This survey article discusses two basic issues that semantic theories of questions face. The first is how to conceptualize and formally represent the semantic content of questions. This issue arises in particular because the standard truth-conditional notion of meaning, which has been fruitful in the analysis of declarative statements, is not applicable to questions. This is because questions are not naturally construed as being true or false. Instead, it has been proposed that the semantic content of a question must be characterized in terms of its answerhood or resolution conditions. This article surveys a number of theories which develop this basic idea in different ways, focusing on so-called proposition-set theories (alternative semantics, partition semantics, and inquisitive semantics).
The second issue that will be considered here concerns questions that are embedded within larger sentences. Within this domain, one important puzzle is why certain predicates can take both declarative and interrogative complements (e.g., Bill knows that Mary called / Bill knows who called), while others take only declarative complements (e.g., Bill thinks that Mary called / *Bill thinks who called) or only interrogative complements (e.g., Bill wonders who called / *Bill wonders that Mary called). We compare two general approaches that have been pursued in the literature. One assumes that declarative and interrogative complements differ in semantic type. On this approach, the fact that predicates like think do not take interrogative complements can be accounted for by assuming that such complements do not have the semantic type that think selects for. The other approach treats the two kinds of complement as having the same semantic type, and seeks to connect the selectional restrictions of predicates like think to other semantic properties (e.g., the fact that think is neg-raising).
Diane Brentari, Jordan Fenlon, and Kearsy Cormier
Sign language phonology is the abstract grammatical component where primitive structural units are combined to create an infinite number of meaningful utterances. Although the notion of phonology is traditionally based on sound systems, phonology also includes the equivalent component of the grammar in sign languages, because it is tied to the grammatical organization, and not to particular content. This definition of phonology helps us see that the term covers all phenomena organized by constituents such as the syllable, the phonological word, and the higher-level prosodic units, as well as the structural primitives such as features, timing units, and autosegmental tiers, and it does not matter if the content is vocal or manual. Therefore, the units of sign language phonology and their phonotactics provide opportunities to observe the interaction between phonology and other components of the grammar in a different communication channel, or modality. This comparison allows us to better understand how the modality of a language influences its phonological system.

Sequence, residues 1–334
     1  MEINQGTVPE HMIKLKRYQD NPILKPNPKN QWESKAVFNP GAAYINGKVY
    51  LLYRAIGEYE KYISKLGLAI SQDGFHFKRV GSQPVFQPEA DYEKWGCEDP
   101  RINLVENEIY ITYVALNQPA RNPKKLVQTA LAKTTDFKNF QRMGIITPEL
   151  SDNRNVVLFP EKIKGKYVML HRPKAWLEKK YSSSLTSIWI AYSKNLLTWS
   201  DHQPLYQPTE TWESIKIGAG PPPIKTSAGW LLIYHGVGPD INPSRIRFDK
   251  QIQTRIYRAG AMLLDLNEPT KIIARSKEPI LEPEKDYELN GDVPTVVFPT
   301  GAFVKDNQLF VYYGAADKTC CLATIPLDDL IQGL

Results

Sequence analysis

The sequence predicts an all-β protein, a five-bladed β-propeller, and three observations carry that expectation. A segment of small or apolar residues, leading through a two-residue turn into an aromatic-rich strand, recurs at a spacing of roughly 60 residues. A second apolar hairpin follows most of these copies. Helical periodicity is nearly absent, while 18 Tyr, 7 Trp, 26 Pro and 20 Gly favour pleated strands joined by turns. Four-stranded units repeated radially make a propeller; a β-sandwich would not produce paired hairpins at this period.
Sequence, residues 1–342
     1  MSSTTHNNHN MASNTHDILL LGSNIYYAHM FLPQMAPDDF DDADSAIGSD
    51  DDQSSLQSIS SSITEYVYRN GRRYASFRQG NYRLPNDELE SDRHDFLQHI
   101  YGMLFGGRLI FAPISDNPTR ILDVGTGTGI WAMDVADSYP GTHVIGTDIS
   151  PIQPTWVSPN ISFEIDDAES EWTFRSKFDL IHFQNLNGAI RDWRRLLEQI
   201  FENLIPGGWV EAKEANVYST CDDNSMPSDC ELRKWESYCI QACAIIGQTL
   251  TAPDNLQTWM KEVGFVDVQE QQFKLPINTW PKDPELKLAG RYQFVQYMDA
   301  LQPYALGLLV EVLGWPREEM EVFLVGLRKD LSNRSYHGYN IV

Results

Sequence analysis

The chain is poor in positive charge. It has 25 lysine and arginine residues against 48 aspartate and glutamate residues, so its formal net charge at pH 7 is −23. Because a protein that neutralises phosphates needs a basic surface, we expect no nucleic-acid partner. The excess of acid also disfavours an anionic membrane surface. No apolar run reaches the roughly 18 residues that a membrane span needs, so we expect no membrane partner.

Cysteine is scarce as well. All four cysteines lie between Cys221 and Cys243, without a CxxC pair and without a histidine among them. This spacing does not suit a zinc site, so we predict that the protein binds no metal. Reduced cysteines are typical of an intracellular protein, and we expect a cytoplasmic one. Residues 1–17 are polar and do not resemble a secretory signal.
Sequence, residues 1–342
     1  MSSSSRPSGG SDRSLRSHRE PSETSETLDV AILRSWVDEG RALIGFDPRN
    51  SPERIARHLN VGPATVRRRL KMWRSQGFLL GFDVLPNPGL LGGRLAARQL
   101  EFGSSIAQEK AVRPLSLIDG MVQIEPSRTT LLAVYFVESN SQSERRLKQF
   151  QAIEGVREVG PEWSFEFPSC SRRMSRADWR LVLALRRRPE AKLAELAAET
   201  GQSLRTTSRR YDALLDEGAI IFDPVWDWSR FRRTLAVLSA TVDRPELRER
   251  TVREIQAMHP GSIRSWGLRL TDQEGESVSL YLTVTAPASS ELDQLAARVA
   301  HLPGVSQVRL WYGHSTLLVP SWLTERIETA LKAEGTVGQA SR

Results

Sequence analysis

Klaus Beyer and Henning Schreiber
The Social Network Analysis approach (SNA), also known as sociometrics or actor-network analysis, investigates social structure on the basis of empirically recorded social ties between actors. It thereby aims to explain e.g. the processes of flow of information, spreading of innovations, or even pathogens throughout the network by actor roles and their relative positions in the network based on quantitative and qualitative analyses. While the approach has a strong mathematical and statistical component, the identification of pertinent social ties also requires a strong ethnographic background. With regard to social categorization, SNA is well suited as a bootstrapping technique for highly dynamic communities and under-documented contexts. Currently, SNA is widely applied in various academic fields. For sociolinguists, it offers a framework for explaining the patterning of linguistic variation and mechanisms of language change in a given speech community.